Where's the reciprocity?

Egypt earns billions from its agreement with Israel, but has failed to comply with its obligations.

pyramids 224 88 (photo credit: )
pyramids 224 88
(photo credit: )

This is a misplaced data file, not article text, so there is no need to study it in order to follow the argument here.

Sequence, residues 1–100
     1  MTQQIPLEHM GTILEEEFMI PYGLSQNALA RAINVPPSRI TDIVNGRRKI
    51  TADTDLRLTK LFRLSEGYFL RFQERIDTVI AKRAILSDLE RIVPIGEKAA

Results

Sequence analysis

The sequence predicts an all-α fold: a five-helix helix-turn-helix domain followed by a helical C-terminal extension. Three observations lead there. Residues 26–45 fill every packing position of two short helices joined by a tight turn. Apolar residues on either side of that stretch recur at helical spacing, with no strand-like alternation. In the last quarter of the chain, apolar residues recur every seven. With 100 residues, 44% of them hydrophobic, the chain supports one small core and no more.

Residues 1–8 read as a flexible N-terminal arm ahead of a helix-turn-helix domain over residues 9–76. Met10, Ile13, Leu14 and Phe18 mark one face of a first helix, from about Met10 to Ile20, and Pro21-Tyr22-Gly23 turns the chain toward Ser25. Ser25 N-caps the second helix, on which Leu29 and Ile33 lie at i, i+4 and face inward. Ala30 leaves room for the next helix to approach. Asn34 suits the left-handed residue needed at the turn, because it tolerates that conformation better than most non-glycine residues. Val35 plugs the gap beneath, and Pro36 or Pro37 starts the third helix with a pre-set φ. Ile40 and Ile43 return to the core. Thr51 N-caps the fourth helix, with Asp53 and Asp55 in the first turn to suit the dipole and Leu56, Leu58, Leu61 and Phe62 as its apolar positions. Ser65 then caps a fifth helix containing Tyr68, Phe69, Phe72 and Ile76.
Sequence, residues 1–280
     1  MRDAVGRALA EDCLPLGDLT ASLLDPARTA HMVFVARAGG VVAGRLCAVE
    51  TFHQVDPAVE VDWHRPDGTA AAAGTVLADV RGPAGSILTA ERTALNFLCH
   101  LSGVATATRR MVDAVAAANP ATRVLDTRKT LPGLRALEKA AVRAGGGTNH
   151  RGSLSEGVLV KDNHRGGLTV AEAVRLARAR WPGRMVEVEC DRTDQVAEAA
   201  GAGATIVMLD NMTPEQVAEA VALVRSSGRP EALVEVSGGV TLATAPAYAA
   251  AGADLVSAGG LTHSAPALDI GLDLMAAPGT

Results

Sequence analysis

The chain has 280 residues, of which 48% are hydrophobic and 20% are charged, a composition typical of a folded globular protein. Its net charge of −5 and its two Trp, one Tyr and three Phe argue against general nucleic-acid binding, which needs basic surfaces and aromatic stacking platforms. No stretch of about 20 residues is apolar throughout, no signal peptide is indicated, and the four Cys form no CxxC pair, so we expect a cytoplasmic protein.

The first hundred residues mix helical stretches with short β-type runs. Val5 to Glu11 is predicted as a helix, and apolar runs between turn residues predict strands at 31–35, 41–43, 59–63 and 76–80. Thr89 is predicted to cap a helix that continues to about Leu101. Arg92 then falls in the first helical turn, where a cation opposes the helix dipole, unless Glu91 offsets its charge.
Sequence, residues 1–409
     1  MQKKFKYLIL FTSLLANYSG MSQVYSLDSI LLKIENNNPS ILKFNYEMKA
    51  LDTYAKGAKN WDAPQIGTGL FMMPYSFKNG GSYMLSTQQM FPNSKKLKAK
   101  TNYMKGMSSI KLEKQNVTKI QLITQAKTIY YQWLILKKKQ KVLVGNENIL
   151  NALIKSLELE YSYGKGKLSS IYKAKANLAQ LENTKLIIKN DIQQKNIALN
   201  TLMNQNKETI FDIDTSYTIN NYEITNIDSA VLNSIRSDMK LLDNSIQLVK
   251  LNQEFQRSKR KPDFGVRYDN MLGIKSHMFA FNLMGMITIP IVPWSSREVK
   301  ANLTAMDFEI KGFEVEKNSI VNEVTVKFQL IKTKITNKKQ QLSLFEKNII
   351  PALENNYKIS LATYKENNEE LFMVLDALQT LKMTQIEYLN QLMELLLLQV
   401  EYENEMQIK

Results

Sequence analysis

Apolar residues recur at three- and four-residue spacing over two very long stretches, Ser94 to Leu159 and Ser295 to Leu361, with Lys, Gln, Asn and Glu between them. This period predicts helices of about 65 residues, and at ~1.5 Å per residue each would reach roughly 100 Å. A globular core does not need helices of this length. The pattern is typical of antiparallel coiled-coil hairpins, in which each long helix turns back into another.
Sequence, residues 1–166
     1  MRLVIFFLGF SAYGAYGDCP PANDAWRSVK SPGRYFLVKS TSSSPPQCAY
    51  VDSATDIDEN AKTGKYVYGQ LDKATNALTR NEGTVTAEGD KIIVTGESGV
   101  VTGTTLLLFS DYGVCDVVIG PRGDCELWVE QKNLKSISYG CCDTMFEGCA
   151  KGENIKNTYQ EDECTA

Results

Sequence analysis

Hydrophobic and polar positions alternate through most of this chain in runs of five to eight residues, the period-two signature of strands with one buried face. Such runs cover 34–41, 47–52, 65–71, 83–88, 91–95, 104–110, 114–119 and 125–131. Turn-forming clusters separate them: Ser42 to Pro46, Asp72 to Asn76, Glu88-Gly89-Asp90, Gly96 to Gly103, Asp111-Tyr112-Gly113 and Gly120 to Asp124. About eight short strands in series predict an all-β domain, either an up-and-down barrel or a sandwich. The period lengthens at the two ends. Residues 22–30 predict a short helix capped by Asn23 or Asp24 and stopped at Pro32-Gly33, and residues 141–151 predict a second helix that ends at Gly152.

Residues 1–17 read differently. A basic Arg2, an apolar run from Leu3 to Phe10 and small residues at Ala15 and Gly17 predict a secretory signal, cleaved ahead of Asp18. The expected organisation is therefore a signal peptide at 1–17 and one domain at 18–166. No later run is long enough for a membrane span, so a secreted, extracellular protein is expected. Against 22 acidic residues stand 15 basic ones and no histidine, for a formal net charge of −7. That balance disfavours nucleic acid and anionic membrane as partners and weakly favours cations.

The natural gas agreement between Israel and Egypt entered into effect over six months ago. However, the Israeli economy has yet to benefit from even a single day of full contracted supplies of natural gas. The Israel Electric Company (IEC), the primary customer of Egyptian natural gas, has shown great restraint and is not taking any legal action against EMG, the Egyptian gas exporter (a company in which Yossi Maiman, an Israeli businessman, is a co-owner), despite the damage caused to the economy and to the IEC by EMG's failure to comply with the contract. During the first few months of the agreement, the IEC accepted Egyptian explanations that non-compliance was a result of technical issues. The technical problems have been since resolved, yet the gas drips at a rate that is less than half of the designated amount. That discrimination against Israel is involved is clear in view of the regular flow of natural gas to other clients, including Jordan and Syria. AT THE SAME TIME, Egyptian exports to the US under the US-Egypt QIZ agreement (which grants Egypt the status of a tax-free trade zone) have already increased by $2 billion per year. According to the agreement, which was signed in late 2004 by the then minister of tourism, trade and industry Ehud Olmert, and his Egyptian counterpart Rashid Mohammed Rashid, Egypt benefits from duty-free exports (mainly textiles) to the US, under Israel's (unutilized) export quotas, provided that Israeli inputs account for at least 18% of the value of the finished products exported to the US. So while thousands of jobs have been created in Egypt, and that country's treasury benefits from annual earnings exceeding $2 billion (and growing) under the QIZ agreement with Israel, the Israeli energy economy is forced to burn expensive and pollutant-emitting fuels because the Egyptian government has failed to honor its natural gas obligations. It is time for the Israeli government to demand reciprocity in the Israeli-Egyptian relationship, and inform Egypt that any further delay in the supply of natural gas from Egypt will lead to a suspension of the QIZ agreement. The author serves as legal counsel for several energy firms.